New legislation which could have an impact on the role of Welsh MPs and the weight of decisions made over the border, were yesterday voted through in the House of Commons.
Yesterday the Government won the backing of the ‘English Votes for English Laws’ proposal with 312 to 270 MPs voting in favour of the law.
At present MPs from Scotland and Wales can vote on issues that do not necessarily impact their countries. However English MPs are unable to vote on laws regarding things such as health, as they are devolved issues, so for us in Wrexham are handled by the Welsh Assembly.
Under the new ‘English Votes for English Laws’ an additional stage in the Westminster law-making process will mean that MPs in English constituencies can vote on things which are seen to only affect England.
English MPs will also be able to veto legislation before MPs from across the country can vote in the final stages of the legislation.
More powers will also be given to the Speaker, currently John Bercow, who will decide if a bill constitutes as English only, or English and Welsh. TheyWorkForYou notes Bercow’s voting track record, saying Mr Bercow “Has never voted on transferring more powers to the Welsh Assembly” and “Has never voted on transferring more powers to the Scottish Parliament“.
However concerns about where the law leaves Welsh MPs have been raised, with the new law calling into question the role of Welsh MPs in the House of Commons. Currently devolved issues, such as health services, education, highways and housing (amongst others) are decided on by Welsh Assembly Members down in Cardiff Bay.
With regards to North Wales and Wrexham there are cross-border issues which do have an impact on the area. For example there are patients who receive treatment in the Countess of Chester and the infamous A483/A55 roadworks, despite being dealt with by Highways England had a considerable impact on North Wales commuters for several months.
Earlier this week Wrexham MP Ian Lucas claimed the law would mean that ‘Welsh MPs will be treated as second class citizens’.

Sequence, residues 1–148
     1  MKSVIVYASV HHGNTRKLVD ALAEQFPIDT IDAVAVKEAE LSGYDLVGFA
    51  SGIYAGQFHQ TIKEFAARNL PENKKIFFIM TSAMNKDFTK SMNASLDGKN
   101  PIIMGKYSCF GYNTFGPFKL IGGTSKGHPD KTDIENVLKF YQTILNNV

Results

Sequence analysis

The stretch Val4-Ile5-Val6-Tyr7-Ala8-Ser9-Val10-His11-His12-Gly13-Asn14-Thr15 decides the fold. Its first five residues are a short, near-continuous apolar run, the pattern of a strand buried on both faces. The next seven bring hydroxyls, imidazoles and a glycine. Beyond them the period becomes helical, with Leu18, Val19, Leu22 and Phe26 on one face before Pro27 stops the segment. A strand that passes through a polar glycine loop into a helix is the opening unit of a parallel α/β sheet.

Mr Lucas believes the Secretary of State for Wales has failed to defend the rights of MPs from Wales and the interests of Welsh patients in the NHS.
He said: “North Wales’ patients are treated, day in and day out, in hospitals in England and even have representation on their Boards.
“Yet their MPs will now have a second class say on the futures of those hospitals. The Secretary of State has let down those patients badly. He is content to place their interests behind those of MPs from England. Wales been sold down the river by its own Secretary of State.
“North Wales MPs know that the people we represent are treated in England. It is a disgrace that our say on laws affecting those patients is to be limited.
“All North Wales MPs, from whatever Party, need to oppose these proposals which are a major constitutional departure detrimentally affecting the interests of those we represent.”
Mr Lucas did point to some of the humour evident in the halls of power this evening, perhaps echoing the feeling mentioned by some of ‘second class’ MP’s :
In the Commons, a colleague told me I was not allowed to use those toilets tonight because I’m from Wales…. I think he was joking.
— Ian Lucas (@IanCLucas) October 22, 2015
Speaking about the new law, Andrew Atkinson, Conservative Party candidate for Wrexham in the forthcoming Assembly Elections, who also lost the Westminster election to be the town’s MP, suggested that there should be a cut in the number of Welsh MPs due to the devolution of powers to Wales.
Mr Atkinson added: “Something has to be done to address the unfairness in the system and the duplication brought about by devolution.
“I support devolution but it cannot be right that one part of the UK can vote on English matters and English MP’s can’t vote on devolved matters.
“Devolution has brought about duplication with Welsh and Scottish MP’s having a significantly smaller work load than English MP’s who have to deal with everything that is devolved to the Welsh Assembly or Scottish Parliament.”
“This is unfair. It’s unfair and it needs addressing so that English MP’s can have a stronger voice on English only matters just as we have in a devolved nation.”
Plaid Cymru’s Jonathan Edwards MP from Carmarthen has strongly criticised the passing of ‘English Votes for English Laws’ proposals by claiming that the change consigns Welsh MPs to ‘a second-class status within the UK Parliament’.
Mr Edwards said: “The passing of the proposals that will enforce ‘English Votes for English Laws’ in the Commons signals a seismic shift in how Parliament operates.
“We are used to the injustice of Wales being treated as a second-class nation by Westminster. Now our representatives will be demoted to the same status.
“The change is set to block Welsh MPs from voting on legislation that may be designated ‘England-only’ but will have financial implications for Wales.”
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